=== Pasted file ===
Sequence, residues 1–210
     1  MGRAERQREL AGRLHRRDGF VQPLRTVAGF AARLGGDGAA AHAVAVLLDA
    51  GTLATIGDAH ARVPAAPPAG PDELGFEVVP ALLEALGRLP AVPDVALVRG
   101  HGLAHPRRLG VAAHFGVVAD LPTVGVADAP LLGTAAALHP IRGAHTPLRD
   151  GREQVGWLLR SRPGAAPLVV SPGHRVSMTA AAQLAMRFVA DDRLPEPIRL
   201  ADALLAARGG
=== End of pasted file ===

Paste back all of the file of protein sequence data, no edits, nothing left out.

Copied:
Sequence, residues 1–210
     1  MGRAERQREL AGRLHRRDGF VQPLRTVAGF AARLGGDGAA AHAVAVLLDA
    51  GTLATIGDAH ARVPAAPPAG PDELGFEVVP ALLEALGRLP AVPDVALVRG
   101  HGLAHPRRLG VAAHFGVVAD LPTVGVADAP LLGTAAALHP IRGAHTPLRD
   151  GREQVGWLLR SRPGAAPLVV SPGHRVSMTA AAQLAMRFVA DDRLPEPIRL
   201  ADALLAARGG